At low level, SharePoint manages lists based on their BaseType (0 for Generic List, 1 for Document Library etc.), which defines the list's field set (for example, all built-in Base Types define such columns as ID, Author, Editor etc). Base Types are encapsulated in the SPBaseType enumeration, but it's possible to create custom BaseTypes inside a Site Definition.

Furthermore, there are ListTemplates (such built-in list templates as 100 for CustomList, 101 for DocumentLibrary etc). List Templates are based on BaseTypes. As far as I understand, they add more fields to that defined in the BaseType. It's also possible to create custom ListTemplate, and custom ListDefinitions. What are differences between them?

Finally, there are ContentTypes, which define a set of Site Columns. There is an option EnableContentTypes in any list or library, but simultaneously, every list has at least one content type, even if this options is set to false.

And also it is possible to add a field to a list without interacting somehow with it's template, definition or content type.

So, how SharePoint builds the final field set for a list or library? Does it merge fields defined in all there sources?

Could anybody please explain how all these components relate to each other, this all is a bit mixed up in my head. Thx in advance.

1 Answer 1


The different BaseTypes are build into the SharePoint code and implemented with some differences. You can't make your own BaseTypes.

List Definitions
List definitions are build in Features by Microsoft or others (MS has reserved Type<10000 for their use). These are blueprints of fields, views, ContentTypes... To use when creating a list.

ContentTypes are definitions for items in a list of which fields, forms, template, workflows... To use. Which can be different from item to item in a list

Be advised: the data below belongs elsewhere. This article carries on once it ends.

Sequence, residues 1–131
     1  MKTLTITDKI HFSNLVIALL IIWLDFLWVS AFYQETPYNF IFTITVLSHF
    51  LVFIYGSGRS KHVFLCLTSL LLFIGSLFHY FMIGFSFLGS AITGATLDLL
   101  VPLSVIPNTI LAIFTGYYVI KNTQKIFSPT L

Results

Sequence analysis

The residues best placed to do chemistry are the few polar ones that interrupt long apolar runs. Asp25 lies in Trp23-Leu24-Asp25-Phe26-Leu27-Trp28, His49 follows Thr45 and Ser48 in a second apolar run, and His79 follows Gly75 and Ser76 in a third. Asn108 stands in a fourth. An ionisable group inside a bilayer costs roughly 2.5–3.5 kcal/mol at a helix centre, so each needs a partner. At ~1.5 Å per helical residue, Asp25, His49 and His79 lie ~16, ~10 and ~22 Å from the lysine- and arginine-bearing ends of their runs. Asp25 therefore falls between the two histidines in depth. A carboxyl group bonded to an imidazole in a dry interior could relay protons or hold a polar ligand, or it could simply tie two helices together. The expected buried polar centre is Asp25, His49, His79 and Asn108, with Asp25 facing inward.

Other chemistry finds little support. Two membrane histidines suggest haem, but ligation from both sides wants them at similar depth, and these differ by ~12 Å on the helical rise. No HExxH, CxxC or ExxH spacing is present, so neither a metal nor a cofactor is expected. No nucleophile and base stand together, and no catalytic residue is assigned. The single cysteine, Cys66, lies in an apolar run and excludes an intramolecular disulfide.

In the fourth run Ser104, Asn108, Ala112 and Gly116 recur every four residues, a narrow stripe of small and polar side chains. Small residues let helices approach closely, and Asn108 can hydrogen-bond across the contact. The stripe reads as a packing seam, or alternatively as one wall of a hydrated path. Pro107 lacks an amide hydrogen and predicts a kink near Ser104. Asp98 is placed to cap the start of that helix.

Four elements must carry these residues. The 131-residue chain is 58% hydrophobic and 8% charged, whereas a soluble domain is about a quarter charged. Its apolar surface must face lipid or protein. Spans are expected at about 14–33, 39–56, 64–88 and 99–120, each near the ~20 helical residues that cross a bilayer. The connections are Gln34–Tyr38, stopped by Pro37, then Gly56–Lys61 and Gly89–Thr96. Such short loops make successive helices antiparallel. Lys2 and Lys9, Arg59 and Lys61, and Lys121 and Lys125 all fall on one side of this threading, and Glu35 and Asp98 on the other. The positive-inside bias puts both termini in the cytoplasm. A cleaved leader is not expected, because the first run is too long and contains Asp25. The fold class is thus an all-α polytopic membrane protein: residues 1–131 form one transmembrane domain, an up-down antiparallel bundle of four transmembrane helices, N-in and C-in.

When a list is crwated it takes a copy of the list definition and any content type added so the user can change these copies. In the case of the content types the "copies" inherit from the original

List Templates
Is a way for the enduser to take a snapshot of a changed list a save it to be able to create new lists like that

Turns on/off the UI showing the users the options about multiple content types in the list

  • Could you explain then what the BaseTypes element means? msdn.microsoft.com/en-us/library/ms467993.aspx
    – Paul
    Commented Apr 14, 2012 at 17:29
  • 1
    Currently you should regard <BaseTypes> and the contained <BaseType> elements as configuration options for MS to configure the fields in the BaseTypes in th global ONET.XML, but there is a lot of differences between basetypes implemented in code. It may be that MS at some point open up for us to implement our own basetypes (but I doubt it) Commented Apr 15, 2012 at 11:32
  • Thanks, it became a bit more clear:) But I'm still not understanding how SharePoint handles BaseTypes. All the fields in a list build it's own Content Type, explicitly or implicitly. But at the same time, every list has a Base Type. In the BaseType element in the global onet.xml file there's a schema that defines some Fields. So, does SharePoint copy these fields to every list's internal ContentType when creating a list?
    – Paul
    Commented Apr 25, 2012 at 22:14
  • Well it doesn't copy the fields into the ContentTypes only into the list. A list is what really has the fields. It has the fields for all it's content types and possible more. The content type only has references to fields and that may be a subset of the fields in the list, but any listitem has all of the fields in the list. Commented Apr 26, 2012 at 6:08
  • Does it mean, for example that if I have 2 content types in a list, each item will contain all the fields from both content types, leaving columns from the other content type empty? Will check it with some code..
    – Paul
    Commented Apr 27, 2012 at 20:54

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